LONGMEADOW — Commencement ceremonies all over the country may be canceled or postponed, but thanks to one Bay Path alumnus, college students can still put their graduation gowns to good use. Nathaniel “Than” Moore a 2014 graduate of Bay Path’s inaugural class in the MS in Physician Assistant (PA) Studies program, has started Gowns4Good, and is collecting new and used commencement gowns that will be forwarded to medical facilities to use as personal protective equipment (PPE).
“Medical facilities worldwide are lacking PPE and are using anything they can to protect themselves, even makeshift trash-bag gowns and masks cut from bedsheets,” Moore said. “Graduation gowns are more effective than alternatives given their length, sleeves, and easy donning with zippered access. Efforts are being made to increase PPE production, but the demand is increasing too quickly.”
As a physician assistant at a level-1 trauma center, University of Vermont Medical Center, Moore is on the front lines of emergency-room healthcare and understands the needs these facilities are experiencing. He’s also finishing up an MBA program, and that combination of real-world ER experience and business-centric problem solving led him to repurpose graduation gowns.
Shortly after the idea crossed his mind, Moore reached out to fellow University of Vermont Sustainable Innovation MBA students who were able to assist with different aspects of the project, and Gowns4Good was up and running. Not even a week later, the program has collected hundreds of gowns, and has received requests for thousands of gowns from hospitals and medical facilities in need. The process on both ends is simple. Donors ship their new or previously worn gowns to a collective post office box, where Moore and his team collect them, inspect them, and then package them in larger quantities of 50 or more gowns to ship out to requesting healthcare providers and facilities.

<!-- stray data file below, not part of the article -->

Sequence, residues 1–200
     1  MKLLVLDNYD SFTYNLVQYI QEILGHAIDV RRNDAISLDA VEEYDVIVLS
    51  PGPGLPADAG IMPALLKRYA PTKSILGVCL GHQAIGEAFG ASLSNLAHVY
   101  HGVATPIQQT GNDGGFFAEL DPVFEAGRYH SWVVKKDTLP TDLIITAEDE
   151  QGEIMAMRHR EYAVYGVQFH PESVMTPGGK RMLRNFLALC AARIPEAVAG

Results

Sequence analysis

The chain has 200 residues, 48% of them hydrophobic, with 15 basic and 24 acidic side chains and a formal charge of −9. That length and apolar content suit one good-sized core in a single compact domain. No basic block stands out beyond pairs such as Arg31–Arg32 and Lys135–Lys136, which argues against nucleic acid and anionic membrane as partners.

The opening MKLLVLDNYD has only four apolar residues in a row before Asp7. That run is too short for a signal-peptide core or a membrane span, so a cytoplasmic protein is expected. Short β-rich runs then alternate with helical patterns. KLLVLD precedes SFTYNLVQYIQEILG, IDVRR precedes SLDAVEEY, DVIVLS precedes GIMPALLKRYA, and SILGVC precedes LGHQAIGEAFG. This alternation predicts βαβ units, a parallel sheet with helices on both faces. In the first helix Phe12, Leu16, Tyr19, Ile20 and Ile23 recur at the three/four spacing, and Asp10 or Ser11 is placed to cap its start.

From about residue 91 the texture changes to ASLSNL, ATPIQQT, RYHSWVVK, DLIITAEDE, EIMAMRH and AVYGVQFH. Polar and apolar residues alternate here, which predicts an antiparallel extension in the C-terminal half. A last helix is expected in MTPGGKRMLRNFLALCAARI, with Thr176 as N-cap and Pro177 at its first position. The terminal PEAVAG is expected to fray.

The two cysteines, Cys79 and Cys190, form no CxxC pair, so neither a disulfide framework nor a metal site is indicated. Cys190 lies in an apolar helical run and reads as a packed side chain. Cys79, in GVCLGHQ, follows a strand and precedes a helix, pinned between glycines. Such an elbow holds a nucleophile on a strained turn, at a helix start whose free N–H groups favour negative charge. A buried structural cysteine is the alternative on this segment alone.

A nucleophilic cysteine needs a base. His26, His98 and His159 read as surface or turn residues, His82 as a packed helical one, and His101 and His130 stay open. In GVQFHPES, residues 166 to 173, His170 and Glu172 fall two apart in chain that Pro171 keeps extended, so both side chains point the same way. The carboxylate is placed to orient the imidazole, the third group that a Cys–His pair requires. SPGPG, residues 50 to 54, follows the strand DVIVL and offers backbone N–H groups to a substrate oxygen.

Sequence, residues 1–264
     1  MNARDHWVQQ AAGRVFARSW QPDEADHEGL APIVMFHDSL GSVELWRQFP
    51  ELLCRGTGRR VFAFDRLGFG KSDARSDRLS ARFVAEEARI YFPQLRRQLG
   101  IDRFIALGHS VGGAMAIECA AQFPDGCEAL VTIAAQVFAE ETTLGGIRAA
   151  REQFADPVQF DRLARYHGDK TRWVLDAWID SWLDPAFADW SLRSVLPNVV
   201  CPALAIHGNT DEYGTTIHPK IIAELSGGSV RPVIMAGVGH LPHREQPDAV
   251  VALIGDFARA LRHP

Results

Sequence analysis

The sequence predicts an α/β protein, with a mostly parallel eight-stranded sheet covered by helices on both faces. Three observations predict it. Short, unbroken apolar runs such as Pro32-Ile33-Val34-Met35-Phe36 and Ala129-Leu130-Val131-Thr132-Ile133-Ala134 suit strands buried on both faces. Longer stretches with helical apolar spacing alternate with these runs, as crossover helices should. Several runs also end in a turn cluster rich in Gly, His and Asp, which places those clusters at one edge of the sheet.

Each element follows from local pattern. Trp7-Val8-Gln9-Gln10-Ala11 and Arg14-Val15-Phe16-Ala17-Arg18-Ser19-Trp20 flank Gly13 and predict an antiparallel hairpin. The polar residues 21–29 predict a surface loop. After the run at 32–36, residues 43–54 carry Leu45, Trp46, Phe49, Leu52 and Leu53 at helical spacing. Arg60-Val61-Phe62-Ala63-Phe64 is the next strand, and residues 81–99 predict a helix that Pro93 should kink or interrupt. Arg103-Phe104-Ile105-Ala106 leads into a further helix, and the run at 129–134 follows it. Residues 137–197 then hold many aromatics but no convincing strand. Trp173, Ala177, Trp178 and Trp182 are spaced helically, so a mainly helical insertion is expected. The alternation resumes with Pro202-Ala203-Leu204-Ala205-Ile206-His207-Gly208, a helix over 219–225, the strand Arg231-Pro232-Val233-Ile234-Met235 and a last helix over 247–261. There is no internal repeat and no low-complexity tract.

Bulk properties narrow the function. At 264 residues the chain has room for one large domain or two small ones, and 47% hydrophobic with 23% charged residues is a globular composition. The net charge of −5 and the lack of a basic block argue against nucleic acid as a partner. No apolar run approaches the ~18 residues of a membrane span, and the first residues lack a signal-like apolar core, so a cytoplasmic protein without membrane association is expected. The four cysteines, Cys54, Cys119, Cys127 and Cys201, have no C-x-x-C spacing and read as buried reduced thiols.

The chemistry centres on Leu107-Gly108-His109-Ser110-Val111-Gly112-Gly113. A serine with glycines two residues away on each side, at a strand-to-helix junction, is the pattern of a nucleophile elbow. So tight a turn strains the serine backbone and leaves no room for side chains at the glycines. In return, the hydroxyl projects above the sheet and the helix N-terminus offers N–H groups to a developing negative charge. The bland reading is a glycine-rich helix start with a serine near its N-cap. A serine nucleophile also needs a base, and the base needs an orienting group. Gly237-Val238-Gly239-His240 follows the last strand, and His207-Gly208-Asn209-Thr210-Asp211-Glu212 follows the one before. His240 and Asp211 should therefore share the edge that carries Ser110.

Ready to answer Gown4Good’s call, students are shipping their unused gowns, alumni are dusting off the gowns hanging in their closet to donate, and parents are sending in the gowns of their children, as a way to honor them. For many, it’s a way to take action in a stressful time and to make a tangible difference. Their college education made a difference for them, and now, through a memento from that experience, they are able to make a difference for someone else.
For more information or to donate a gown, visit www.gowns4good.net.